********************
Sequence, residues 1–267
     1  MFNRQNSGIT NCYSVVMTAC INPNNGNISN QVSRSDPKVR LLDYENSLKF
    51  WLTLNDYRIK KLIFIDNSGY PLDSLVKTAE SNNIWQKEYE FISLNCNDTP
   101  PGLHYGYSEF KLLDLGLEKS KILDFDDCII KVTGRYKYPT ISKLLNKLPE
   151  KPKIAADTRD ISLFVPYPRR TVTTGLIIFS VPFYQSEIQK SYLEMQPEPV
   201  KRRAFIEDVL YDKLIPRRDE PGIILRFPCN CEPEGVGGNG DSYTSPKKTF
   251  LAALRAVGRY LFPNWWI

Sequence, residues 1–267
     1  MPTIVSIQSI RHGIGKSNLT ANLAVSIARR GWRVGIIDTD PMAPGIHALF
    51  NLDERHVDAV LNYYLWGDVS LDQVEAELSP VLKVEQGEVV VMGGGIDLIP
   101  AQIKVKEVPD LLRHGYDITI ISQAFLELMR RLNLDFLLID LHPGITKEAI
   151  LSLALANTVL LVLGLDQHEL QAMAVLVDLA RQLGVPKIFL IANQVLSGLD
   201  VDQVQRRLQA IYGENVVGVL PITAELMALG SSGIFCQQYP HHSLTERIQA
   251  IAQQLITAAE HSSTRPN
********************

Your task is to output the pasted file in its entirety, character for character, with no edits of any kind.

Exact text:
Sequence, residues 1–267
     1  MFNRQNSGIT NCYSVVMTAC INPNNGNISN QVSRSDPKVR LLDYENSLKF
    51  WLTLNDYRIK KLIFIDNSGY PLDSLVKTAE SNNIWQKEYE FISLNCNDTP
   101  PGLHYGYSEF KLLDLGLEKS KILDFDDCII KVTGRYKYPT ISKLLNKLPE
   151  KPKIAADTRD ISLFVPYPRR TVTTGLIIFS VPFYQSEIQK SYLEMQPEPV
   201  KRRAFIEDVL YDKLIPRRDE PGIILRFPCN CEPEGVGGNG DSYTSPKKTF
   251  LAALRAVGRY LFPNWWI

Sequence, residues 1–267
     1  MPTIVSIQSI RHGIGKSNLT ANLAVSIARR GWRVGIIDTD PMAPGIHALF
    51  NLDERHVDAV LNYYLWGDVS LDQVEAELSP VLKVEQGEVV VMGGGIDLIP
   101  AQIKVKEVPD LLRHGYDITI ISQAFLELMR RLNLDFLLID LHPGITKEAI
   151  LSLALANTVL LVLGLDQHEL QAMAVLVDLA RQLGVPKIFL IANQVLSGLD
   201  VDQVQRRLQA IYGENVVGVL PITAELMALG SSGIFCQQYP HHSLTERIQA
   251  IAQQLITAAE HSSTRPN